The pitfalls of rolling out new hardware and technology among an organisation without external support can cause unnecessary delays and patchy training. It might feel like you are saving money in the short term but increased calls to the help desk and the lack of resource for individual training along with the task of implementing the new hardware is a hefty operation for your team alone.

Training an entire organisation on Windows 10 and Skype for Business is not a quick job. It requires strong communication, dedicated training, available support and a people-friendly, soft skills approach. Here are five reasons to invest in external training and support, like the programme we offer over at 1UC, to ensure a smooth process, a high technology adoption rate and most importantly, a happy and well-informed workforce.

Testing the training with pilot groups

Not all organisations are the same and for that reason, finding the best approach to training can vary. By running two pilot user groups ahead of the main training rollout we are able to understand the internal needs and concerns from a cross section of ages, departments and tech experience. The purpose is to gather feedback and test a mix of training techniques so that when training and support is launched for the main rollout, the process has been refined to achieve the best impact.

Ensuring strong communication

Rolling out new hardware and software within an organisation takes a lot more than a few emails. This is a detailed operation and there are a lot of prerequisites that users need to complete ahead of the installation. Stressing the importance of this needs to be communicated through various channels such as face-to-face meetings, online tutorials and frequent contact with staff to make sure they understand the benefits of cooperating and the prep work involved before transitioning to their new PC or new software.

Creating an excitement internally

You don’t want this rollout to seem like an arduous task and upheaval for your staff but rather create a bit of a buzz about it. Our trainers make an effort to get to know individuals and really focus on the benefits of this new technology. We attend different team meetings during the pilot stage to introduce ourselves and the software. By breaking it down to the audience, the rollout seems like a fun and positive process rather than a chore. The incentive of turning up to training is also cemented by the prospect of a brand new laptop or software with features that could really improve the way they work and increase technology adoption rates. This is a great saving for any organisation. For example, if staff start to use Skype for Business and abandon expensive third party conference call systems, they could save thousands of pounds a month. The ROI will be shortened significantly.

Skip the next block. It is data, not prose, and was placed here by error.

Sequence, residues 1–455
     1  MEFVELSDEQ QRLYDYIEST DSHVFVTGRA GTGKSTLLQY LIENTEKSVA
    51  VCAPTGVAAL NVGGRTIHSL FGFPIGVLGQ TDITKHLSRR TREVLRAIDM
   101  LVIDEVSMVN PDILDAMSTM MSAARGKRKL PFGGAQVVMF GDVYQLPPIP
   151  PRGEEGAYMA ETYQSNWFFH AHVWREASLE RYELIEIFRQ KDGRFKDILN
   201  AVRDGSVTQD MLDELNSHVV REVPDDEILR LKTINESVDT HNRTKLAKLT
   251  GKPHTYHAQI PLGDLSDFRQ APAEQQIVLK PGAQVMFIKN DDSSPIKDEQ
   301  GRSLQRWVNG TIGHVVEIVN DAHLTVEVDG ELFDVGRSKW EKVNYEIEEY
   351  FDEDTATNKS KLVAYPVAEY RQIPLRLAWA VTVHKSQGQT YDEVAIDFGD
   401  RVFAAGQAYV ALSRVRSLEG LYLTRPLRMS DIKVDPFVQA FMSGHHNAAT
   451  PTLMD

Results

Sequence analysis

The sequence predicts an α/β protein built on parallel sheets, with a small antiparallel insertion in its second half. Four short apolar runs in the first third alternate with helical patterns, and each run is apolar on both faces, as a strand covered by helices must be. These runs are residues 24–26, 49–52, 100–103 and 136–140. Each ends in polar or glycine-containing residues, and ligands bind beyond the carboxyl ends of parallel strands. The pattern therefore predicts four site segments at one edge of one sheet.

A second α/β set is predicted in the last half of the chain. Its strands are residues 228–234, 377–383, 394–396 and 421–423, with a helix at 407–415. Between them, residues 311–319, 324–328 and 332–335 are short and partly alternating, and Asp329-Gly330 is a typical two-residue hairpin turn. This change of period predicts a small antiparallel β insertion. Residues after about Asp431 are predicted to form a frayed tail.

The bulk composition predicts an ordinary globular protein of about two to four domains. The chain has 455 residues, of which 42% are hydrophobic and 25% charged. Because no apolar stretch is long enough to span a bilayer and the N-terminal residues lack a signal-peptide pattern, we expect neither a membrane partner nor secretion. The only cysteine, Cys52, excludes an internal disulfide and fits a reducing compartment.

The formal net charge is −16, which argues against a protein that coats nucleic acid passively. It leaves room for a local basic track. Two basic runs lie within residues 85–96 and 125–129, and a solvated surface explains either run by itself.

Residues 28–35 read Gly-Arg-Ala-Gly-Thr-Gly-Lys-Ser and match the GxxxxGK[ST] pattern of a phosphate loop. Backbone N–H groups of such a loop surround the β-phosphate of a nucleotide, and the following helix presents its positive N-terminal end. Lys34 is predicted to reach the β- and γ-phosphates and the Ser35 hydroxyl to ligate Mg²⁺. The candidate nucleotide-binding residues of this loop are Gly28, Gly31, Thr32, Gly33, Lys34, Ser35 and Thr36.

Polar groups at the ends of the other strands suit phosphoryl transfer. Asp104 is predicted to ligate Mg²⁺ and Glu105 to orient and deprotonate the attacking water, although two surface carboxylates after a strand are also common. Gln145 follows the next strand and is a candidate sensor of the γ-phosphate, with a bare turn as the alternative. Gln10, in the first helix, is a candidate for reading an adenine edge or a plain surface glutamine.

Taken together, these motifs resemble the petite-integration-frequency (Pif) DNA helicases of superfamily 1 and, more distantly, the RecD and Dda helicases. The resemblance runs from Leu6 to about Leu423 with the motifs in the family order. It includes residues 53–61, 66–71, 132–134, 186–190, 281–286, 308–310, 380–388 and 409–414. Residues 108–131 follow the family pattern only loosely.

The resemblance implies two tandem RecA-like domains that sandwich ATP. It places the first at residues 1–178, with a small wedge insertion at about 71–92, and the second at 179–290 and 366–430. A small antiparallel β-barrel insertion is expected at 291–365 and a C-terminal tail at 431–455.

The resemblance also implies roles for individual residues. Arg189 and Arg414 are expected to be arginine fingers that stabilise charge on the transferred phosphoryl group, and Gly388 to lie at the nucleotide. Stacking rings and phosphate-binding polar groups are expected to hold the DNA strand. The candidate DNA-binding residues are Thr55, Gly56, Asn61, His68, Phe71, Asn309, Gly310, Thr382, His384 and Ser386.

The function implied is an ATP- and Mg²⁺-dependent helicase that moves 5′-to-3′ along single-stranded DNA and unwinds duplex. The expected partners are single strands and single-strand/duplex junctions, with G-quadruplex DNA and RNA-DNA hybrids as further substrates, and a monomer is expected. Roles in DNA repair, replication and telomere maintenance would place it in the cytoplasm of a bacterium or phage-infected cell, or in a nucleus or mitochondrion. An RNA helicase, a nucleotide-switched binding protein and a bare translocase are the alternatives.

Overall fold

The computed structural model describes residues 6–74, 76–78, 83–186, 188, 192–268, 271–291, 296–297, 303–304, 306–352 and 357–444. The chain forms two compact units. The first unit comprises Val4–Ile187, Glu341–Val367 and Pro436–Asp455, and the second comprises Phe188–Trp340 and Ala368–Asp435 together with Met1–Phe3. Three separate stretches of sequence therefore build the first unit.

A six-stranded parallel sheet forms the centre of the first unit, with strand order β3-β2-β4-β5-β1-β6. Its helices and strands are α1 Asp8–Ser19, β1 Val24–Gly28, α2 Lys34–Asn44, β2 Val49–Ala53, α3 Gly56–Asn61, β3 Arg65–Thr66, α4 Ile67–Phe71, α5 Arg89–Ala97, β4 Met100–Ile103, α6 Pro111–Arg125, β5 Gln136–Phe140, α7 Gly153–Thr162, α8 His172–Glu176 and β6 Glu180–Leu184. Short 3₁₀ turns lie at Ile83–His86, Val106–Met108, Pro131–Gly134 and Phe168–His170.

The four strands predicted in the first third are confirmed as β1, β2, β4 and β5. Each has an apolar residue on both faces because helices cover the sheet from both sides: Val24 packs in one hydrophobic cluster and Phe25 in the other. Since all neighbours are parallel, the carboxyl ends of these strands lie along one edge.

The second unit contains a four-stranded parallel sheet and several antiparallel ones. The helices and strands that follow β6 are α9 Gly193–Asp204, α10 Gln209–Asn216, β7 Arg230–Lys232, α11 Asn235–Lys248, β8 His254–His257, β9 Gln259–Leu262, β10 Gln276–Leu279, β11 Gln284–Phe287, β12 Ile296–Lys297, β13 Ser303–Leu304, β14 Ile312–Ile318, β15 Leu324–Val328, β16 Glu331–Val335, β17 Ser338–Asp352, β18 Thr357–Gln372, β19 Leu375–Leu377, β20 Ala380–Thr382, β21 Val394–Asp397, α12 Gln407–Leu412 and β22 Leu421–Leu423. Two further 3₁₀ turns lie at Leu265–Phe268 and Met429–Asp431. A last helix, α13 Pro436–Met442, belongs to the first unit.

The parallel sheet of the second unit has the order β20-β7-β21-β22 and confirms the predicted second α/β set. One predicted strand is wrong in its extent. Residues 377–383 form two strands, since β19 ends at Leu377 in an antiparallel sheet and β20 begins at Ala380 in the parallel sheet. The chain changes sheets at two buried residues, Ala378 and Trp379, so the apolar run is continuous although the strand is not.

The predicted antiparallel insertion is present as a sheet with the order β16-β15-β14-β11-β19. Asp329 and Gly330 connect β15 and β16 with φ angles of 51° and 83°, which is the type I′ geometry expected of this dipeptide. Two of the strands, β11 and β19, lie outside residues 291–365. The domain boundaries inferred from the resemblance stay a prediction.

Letting the engineers do their job

Having on-site trainers offering support means that small jobs like moving favourites and files from the C Drive can be sorted without enlisting the help of the external IT engineers or the internal IT Helpdesk. They already have a big job setting up all the background hardware and software within the organisation so being able to focus on that without question will be a much more effective use of their time. Quite often trainers will take the users through the setup process as well as deliver training, whilst the engineers work in the background. This provides a much more collaborative way to work with each other.

Providing follow up sessions

Through our experience as trainers we have learned that the rollout does not end once the staff have their new laptops or software. There are always more questions and concerns that need to be answered. To manage this, we provide full written reference guides and also host follow-up refresher training to continue their learning experience and delve deeper into the more advanced features. Quite often we find that some users have had very basic computer training, if any, and these sessions hone their skills and give them the tools to really improve the way they work.

If you are thinking about organising external training consultants to manage your Windows 10, Skype for Business or any other software/unified communication rollouts, please get in touch with me for an initial chat.